Misinformation and disinformation can be used to disenfranchise voters and erode public confidence in the legitimacy of our elections. As we observed in the United States in 2016, and in numerous other countries since, the spread of viral misleading content can diminish trust in the results of electoral contests, and in the integrity of democratic processes and leadership transitions overall. An increasing percentage of voters this November will look for real-time election information on social media, and election misinformation and disinformation on social media is a significant threat to ensuring the integrity of the upcoming presidential election. In the United States, over 10,000 individual jurisdictions are responsible for election administration: presently, there is no centralized support to aid this front line in identifying and responding to emerging election-related disinformation.
The Election Integrity Partnership is a coalition of research entities focused on supporting real-time information exchange between the research community, election officials, government agencies, civil society organizations, and social media platforms. Our objective is to detect and mitigate the impact of attempts to prevent or deter people from voting or to delegitimize election results. This is not a fact-checking partnership to debunk misinformation more generally: our objective explicitly excludes addressing comments that may be made about candidates’ character or actions and is focused narrowly on content intended to suppress voting, reduce participation, confuse voters as to election processes, or delegitimize election results without evidence.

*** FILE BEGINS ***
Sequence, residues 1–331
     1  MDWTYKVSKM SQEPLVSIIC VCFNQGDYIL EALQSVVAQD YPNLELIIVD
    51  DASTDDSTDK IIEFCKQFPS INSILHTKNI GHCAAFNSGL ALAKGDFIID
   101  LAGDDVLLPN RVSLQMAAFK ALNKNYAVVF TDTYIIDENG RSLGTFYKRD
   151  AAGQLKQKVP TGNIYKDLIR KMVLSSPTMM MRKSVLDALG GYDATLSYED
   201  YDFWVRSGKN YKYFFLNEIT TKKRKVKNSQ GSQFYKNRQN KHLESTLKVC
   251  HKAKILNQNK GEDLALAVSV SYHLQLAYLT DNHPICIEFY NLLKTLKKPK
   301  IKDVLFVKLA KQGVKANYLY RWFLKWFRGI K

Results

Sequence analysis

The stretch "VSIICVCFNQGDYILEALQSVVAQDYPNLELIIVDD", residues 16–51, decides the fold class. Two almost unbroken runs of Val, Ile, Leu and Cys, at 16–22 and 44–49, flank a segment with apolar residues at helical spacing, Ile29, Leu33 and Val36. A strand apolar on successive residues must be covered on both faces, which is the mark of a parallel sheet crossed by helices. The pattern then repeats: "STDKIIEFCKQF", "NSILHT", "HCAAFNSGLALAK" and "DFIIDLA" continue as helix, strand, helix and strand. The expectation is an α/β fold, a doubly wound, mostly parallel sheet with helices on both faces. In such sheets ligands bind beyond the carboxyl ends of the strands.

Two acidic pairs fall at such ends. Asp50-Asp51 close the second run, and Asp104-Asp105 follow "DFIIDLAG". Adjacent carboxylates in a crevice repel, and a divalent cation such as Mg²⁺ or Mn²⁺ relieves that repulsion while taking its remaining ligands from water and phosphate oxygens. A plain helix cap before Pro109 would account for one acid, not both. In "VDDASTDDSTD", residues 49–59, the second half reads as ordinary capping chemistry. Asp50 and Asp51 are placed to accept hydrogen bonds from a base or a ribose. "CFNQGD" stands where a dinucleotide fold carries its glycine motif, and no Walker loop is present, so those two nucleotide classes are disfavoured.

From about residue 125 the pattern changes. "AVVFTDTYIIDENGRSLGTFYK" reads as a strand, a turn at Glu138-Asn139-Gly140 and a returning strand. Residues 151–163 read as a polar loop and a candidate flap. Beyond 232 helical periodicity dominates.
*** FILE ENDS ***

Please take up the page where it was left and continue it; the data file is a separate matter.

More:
The foundational Partnership consists of four of the nation’s leading institutions focused on analysis of mis- and disinformation in the social media landscape: the Stanford Internet Observatory and Program on Democracy and the Internet, Graphika, the Atlantic Council’s Digital Forensic Research Lab, and the University of Washington’s Center for an Informed Public. We will be working with stakeholders in civil society as well as election officials to find instances of election-related misinformation, analyze reports from public sector and NGO partners, and route our findings to the appropriate parties to mitigate the impact. Tips on potential disinformation will come from multiple sources, including from local election officials via existing coordination channels. We will do so transparently and in a nonpartisan manner, sharing up-to-the-minute findings and rapid analysis through a web portal and official social media channels.
Our hope is that this Partnership will provide actionable support for election officials and other partners who are on the front lines of providing accurate information to the electorate, as well as increased transparency for the general public into real threats of election-related misinformation and disinformation this election.
We would like to thank the Knight Foundation and Craig Newmark Philanthropies for their support of this effort.
Public officials and voter-protection organizations can reach the Partnership at email@example.com